Originality is the essence of true scholarship. Creativity is the soul of the true scholar.Nnamdi Azikiwe
Many of the young women we work in our youth clubs with will end up in jobs that don’t yet exist. We can’t predict the future, but we can help young women to develop the crucial soft skills they need to adapt to Africa’s future. Whenever we deliver activities with and for young women, we give them the opportunity to develop their soft skills.
Why does this matter? In fast-changing environments like the economies of our countries, adaptability matters, and in fast-changing workplaces, employers are looking for young people with soft skills.
Youth work can help young people to develop soft skills including:
- Problem Solving
- Ability to Work Under Pressure and Time Management
- Negotiation and Conflict Resolution
Unlike hard skills, such as coding, plumbing, or hairdressing, soft skills aren’t limited to being useful only in certain roles or situations. They are useful in every job and sector, in our lives as citizens, professionals, friends and family members. They relate to both personal competences, such as confidence, discipline, self-management, and social competences like teamwork, communication, emotional intelligence.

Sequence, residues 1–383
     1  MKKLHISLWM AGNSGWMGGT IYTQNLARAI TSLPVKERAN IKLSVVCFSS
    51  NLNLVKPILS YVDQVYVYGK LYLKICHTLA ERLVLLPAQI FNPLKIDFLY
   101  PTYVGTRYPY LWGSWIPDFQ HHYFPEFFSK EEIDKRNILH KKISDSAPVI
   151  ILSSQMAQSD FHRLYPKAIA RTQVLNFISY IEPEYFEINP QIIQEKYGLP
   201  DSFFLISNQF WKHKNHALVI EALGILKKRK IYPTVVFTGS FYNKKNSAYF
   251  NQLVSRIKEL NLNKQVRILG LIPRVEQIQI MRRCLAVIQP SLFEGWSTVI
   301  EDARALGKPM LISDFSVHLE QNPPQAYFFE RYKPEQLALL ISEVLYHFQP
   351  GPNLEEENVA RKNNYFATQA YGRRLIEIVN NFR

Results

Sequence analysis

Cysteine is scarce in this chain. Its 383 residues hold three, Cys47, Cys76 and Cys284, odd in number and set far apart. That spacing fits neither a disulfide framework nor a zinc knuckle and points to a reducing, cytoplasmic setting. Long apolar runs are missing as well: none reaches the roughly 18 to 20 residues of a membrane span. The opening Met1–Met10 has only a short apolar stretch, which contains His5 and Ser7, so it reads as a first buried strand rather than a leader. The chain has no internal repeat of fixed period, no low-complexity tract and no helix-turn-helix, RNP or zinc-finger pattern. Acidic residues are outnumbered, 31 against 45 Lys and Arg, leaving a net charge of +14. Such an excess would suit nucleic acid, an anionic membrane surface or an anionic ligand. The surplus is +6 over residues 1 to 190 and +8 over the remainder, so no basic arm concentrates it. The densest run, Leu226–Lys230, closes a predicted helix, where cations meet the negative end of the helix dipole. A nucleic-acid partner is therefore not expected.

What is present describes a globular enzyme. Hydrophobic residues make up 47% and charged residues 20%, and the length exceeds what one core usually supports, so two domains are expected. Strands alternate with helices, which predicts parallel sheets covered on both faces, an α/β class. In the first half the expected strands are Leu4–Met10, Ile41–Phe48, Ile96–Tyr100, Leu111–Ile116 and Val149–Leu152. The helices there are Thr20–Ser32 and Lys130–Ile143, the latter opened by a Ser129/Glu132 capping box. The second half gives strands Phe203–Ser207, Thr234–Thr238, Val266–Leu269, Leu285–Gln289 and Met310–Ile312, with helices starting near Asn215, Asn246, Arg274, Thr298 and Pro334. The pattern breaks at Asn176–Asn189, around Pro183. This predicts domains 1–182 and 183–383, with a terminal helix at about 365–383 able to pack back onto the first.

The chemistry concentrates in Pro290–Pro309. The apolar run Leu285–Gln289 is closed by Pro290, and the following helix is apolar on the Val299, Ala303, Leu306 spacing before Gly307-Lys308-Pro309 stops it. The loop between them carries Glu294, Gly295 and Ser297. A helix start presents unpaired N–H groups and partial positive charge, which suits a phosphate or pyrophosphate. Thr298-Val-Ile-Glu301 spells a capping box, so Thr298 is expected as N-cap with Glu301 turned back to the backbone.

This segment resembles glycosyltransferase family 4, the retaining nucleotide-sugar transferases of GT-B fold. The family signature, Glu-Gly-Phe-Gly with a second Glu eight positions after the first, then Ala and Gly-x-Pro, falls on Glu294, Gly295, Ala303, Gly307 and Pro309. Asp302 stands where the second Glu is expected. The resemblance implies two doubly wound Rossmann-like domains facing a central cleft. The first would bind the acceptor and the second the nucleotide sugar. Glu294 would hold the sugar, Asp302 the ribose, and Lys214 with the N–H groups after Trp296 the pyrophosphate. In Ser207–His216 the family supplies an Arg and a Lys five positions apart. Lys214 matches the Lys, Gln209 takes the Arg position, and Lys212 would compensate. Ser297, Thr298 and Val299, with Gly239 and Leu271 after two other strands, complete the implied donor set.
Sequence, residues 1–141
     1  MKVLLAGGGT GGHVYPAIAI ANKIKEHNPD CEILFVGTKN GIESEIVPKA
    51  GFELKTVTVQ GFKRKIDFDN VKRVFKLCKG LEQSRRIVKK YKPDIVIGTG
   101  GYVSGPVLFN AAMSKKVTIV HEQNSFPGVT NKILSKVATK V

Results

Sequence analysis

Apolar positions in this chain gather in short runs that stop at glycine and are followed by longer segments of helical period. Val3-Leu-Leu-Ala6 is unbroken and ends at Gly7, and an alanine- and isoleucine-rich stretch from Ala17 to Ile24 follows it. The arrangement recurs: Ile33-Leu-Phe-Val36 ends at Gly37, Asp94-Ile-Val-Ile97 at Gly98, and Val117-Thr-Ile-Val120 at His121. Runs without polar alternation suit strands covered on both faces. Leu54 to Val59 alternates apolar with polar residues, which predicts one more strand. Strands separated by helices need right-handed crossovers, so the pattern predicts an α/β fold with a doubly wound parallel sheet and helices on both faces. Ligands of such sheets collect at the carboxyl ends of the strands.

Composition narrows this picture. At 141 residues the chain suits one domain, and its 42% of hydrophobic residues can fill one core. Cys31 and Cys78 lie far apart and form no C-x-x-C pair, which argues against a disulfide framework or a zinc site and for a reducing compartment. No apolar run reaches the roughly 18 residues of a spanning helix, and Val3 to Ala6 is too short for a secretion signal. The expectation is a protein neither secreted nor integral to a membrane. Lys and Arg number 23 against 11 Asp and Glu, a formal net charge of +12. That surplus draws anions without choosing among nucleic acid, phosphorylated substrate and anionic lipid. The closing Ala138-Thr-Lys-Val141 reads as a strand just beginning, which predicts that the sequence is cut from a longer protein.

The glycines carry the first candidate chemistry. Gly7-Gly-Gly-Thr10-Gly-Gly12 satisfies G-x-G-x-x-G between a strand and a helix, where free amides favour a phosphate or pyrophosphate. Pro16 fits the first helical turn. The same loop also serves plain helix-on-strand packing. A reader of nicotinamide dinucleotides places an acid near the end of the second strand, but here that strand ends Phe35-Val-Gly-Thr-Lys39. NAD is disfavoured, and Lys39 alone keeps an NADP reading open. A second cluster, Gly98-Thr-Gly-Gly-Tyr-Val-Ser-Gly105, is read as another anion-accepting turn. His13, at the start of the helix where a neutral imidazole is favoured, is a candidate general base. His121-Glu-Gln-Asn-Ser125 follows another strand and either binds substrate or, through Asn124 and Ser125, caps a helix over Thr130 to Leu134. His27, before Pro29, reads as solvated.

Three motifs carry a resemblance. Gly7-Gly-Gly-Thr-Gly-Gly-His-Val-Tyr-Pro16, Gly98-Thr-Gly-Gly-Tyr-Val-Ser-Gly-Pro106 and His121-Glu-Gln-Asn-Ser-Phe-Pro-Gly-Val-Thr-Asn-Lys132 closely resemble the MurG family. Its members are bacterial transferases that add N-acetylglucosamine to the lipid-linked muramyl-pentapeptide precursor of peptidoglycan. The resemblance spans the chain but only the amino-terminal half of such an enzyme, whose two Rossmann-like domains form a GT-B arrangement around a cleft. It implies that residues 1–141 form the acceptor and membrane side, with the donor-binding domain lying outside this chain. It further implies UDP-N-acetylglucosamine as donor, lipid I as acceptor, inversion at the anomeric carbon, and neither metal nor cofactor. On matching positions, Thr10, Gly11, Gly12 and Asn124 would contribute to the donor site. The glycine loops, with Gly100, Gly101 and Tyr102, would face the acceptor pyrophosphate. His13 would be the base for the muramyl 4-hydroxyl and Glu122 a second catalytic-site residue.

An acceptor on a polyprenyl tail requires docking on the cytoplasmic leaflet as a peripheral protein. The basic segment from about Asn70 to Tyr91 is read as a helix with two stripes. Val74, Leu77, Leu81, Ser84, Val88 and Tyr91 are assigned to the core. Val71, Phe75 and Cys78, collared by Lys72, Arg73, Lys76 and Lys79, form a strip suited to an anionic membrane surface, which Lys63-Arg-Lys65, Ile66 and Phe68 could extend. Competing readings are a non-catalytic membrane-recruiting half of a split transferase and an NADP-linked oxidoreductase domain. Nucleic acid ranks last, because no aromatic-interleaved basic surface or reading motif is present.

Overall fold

Our work shows that developing soft skills is a continuous process that makes young women more confident in their abilities and their value. Youth workers have an important role in facilitating each stage of this process, although this will look different according to the age of your participants and context of your youth work.
You might also be interested in
- Toolkit 4
- These are the 5 skills African employers are looking for | World Economic Forum (weforum.org)
- Unleashing women and girls’ human capital: a game changer for Africa | International Monetary Fund (imf.org)